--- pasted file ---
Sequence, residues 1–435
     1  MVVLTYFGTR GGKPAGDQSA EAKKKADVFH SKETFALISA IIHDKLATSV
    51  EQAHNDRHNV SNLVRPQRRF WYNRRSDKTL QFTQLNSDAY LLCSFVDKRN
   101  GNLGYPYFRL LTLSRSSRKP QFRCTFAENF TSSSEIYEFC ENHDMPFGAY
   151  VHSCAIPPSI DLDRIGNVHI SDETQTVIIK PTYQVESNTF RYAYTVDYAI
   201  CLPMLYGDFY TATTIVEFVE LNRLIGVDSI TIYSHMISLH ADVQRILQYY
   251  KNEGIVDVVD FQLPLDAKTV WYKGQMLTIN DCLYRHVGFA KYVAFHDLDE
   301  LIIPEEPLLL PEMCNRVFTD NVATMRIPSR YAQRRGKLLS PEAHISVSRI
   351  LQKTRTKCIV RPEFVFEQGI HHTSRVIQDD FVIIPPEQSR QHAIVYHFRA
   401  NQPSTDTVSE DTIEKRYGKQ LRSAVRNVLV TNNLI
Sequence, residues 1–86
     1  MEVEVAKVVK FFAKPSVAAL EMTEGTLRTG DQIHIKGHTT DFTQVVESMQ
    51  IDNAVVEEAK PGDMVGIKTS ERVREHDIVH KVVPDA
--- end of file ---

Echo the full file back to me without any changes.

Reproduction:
Sequence, residues 1–435
     1  MVVLTYFGTR GGKPAGDQSA EAKKKADVFH SKETFALISA IIHDKLATSV
    51  EQAHNDRHNV SNLVRPQRRF WYNRRSDKTL QFTQLNSDAY LLCSFVDKRN
   101  GNLGYPYFRL LTLSRSSRKP QFRCTFAENF TSSSEIYEFC ENHDMPFGAY
   151  VHSCAIPPSI DLDRIGNVHI SDETQTVIIK PTYQVESNTF RYAYTVDYAI
   201  CLPMLYGDFY TATTIVEFVE LNRLIGVDSI TIYSHMISLH ADVQRILQYY
   251  KNEGIVDVVD FQLPLDAKTV WYKGQMLTIN DCLYRHVGFA KYVAFHDLDE
   301  LIIPEEPLLL PEMCNRVFTD NVATMRIPSR YAQRRGKLLS PEAHISVSRI
   351  LQKTRTKCIV RPEFVFEQGI HHTSRVIQDD FVIIPPEQSR QHAIVYHFRA
   401  NQPSTDTVSE DTIEKRYGKQ LRSAVRNVLV TNNLI
Sequence, residues 1–86
     1  MEVEVAKVVK FFAKPSVAAL EMTEGTLRTG DQIHIKGHTT DFTQVVESMQ
    51  IDNAVVEEAK PGDMVGIKTS ERVREHDIVH KVVPDA